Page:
Nothing I Can Do About it Now

July 12, 2007

I want you to know that I have an EXTREME natural talent for paddleball.

Filed under: Uncategorized — dregina @ 4:59 pm

At age 7, my parents began, in earnest, to teach me how to tie a shoe. I had coasted along on velcro longer than the average kid. It was time for me to become, in a small way, self-sufficient, and so, despite my lack of interest, the lessons began. 

We spent hours on it. I have memories of sitting on the couch with my Dad and a shoe, my Mom and a shoe, everyone miserable with futility.

Eventually, of course, I figured it out. But I pretended I didn’t.  For a year I lived a secret, bow-tying, double life.  In secrecy, I tied bows with flair. Under the eyes of adults I faux-struggled, tying laces into ridiculous, impossible knots. 

Eventually I was taken to a motor skills specialist who made me sit on a big tube and bat at a tennis ball hanging from the ceiling on a piece of string. I thought, “This is supposed to help me tie a shoe?”

If it wasn’t for motor skills group therapy, who knows when I would have given up the charade. I went once.  We played Monopoly that night, and each kid got to make up one new rule for the game. I don’t remember what rule I came up with. I do remember looking around the table at the other kids, many of whom were clearly developmentally disabled, and thinking, “I don’t want to be here.”

So, a few days later, I walked into the kitchen at breakfast and tied my shoes, to rather undeserved praise and appalause. I didn’t have to go to motor skills therapy anymore.  Everyone was happy. 

This was the same year I refused free tennis lessons from a family friend. Wouldn’t even try, not even once. Didn’t want to, not interested, thanks but no, no, no, no, no.

In both cases, fear was the engine of my adamance.

Over the years I’ve passed up singing lessons, tennis lessons, soccer, baseball, art classes, trigonometry, advanced biology, film-making classes – all of which I wanted to do – because, in my crazy mind, I believed my worth as a person would be lower if I struggled, never mind if I failed.  Better not to try at all.  Better to pretend that I Just Couldn’t Learn To Tie Shoes than to admit it was just kinda hard for me to figure out, harder than for the average person.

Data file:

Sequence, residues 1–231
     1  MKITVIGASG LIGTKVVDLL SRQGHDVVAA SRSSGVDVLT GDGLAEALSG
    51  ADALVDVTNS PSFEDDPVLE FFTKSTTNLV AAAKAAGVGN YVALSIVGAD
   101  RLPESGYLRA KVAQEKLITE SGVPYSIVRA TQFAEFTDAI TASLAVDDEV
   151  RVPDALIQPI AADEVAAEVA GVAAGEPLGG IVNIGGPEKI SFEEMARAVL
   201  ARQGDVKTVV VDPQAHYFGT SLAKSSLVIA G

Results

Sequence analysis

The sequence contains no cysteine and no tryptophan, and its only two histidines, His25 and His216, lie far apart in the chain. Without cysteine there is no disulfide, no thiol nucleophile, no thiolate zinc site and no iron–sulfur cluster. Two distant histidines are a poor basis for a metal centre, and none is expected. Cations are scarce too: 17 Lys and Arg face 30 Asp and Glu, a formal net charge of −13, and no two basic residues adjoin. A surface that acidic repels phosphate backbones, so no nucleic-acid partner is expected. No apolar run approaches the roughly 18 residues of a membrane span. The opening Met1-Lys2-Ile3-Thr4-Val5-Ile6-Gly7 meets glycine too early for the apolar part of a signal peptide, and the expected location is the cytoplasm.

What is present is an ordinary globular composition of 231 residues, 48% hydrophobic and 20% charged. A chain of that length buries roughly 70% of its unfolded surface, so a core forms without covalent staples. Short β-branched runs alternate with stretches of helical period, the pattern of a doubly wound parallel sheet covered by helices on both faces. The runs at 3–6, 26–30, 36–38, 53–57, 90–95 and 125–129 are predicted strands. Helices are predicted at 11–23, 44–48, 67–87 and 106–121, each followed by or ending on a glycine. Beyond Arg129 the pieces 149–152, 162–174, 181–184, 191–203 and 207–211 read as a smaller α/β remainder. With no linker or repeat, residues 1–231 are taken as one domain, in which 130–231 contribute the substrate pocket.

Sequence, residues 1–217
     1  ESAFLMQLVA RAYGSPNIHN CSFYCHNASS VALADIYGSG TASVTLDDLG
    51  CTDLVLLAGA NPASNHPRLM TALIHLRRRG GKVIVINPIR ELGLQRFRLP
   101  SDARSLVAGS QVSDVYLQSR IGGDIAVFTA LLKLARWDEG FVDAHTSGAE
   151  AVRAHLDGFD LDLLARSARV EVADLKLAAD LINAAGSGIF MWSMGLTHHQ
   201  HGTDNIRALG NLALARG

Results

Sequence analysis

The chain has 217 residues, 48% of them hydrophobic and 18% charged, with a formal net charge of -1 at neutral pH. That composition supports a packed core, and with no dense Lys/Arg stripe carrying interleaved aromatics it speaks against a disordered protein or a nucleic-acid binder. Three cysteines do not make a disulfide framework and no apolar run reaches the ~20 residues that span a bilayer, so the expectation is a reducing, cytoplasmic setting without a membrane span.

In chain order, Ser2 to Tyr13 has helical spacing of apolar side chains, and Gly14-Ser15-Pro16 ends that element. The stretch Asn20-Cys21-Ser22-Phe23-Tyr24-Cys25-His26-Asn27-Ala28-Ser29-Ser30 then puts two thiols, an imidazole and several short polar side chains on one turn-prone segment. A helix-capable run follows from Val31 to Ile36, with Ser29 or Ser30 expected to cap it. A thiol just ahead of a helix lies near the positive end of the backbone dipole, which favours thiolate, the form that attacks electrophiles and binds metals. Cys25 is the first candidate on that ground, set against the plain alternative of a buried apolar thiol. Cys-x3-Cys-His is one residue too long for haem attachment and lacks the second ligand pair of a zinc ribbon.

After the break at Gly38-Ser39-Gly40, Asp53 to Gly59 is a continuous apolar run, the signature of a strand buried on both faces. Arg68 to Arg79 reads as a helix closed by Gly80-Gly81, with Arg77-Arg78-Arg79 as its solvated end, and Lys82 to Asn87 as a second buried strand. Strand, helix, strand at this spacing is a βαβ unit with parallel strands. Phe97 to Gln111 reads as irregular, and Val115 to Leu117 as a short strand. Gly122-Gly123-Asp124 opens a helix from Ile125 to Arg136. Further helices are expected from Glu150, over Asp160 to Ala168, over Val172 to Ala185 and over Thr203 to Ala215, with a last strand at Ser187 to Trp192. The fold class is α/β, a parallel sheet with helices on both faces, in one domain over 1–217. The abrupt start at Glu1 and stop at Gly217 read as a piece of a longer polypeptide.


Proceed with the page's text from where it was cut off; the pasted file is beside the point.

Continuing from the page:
Such a smart, constructive approach to life, complete avoidance of everything one isn’t instantly good at.   

I’m writing about these memories today because the triathlon is about a week and a half away, and I’m not as fast or as strong as I’d like to be. I’m terrified I won’t be able to bike up the hills on the bike course, that it will take me more than 4 hours to finish the race, that the marathoner coming to cheer me on will secretly think, “She’s so slow.”

These thoughts are the same crazy, irrational thoughts I have had my whole life, that had me hiding in the coatroom – for a year! – whenever I needed to tie my shoe.

I am doing something I have absolutely no natural talent for because I want to do it, because I want to try, even if I don’t do particularly well, even if I fail.  

Maybe I could have pushed myself harder during this training season, but, when I set the past ten weeks into the context of my life, I have to acknowledge that all of this has been, for me, about learning how to push myself at all – push past my fear of trying, of hard work.

And I already want to sign up for another race, at least as much as I’m hoping I might maybe accidentally break my arm and not have to run this one.



  1. “I’m terrified I won’t be able to bike up the hills on the bike course, that it will take me more than 4 hours to finish the race”

    I keep picturing myself bloody and limping across the finish as they are taking down the decorations and everyone is getting ready to leave. Or getting lost on the bike course and ending up in queens.

    I say just channel that inner totem animal. It will all be over soon. The victory is already yours. You are sexier than Lance fucking Armstrong. Now go sweat some more.

    Comment by seamus — July 13, 2007 @ 2:12 am

  2. You go, Danar. Regardless of when–or whether–you finish, you’re my hero.

    Comment by mmalan — July 13, 2007 @ 12:00 pm

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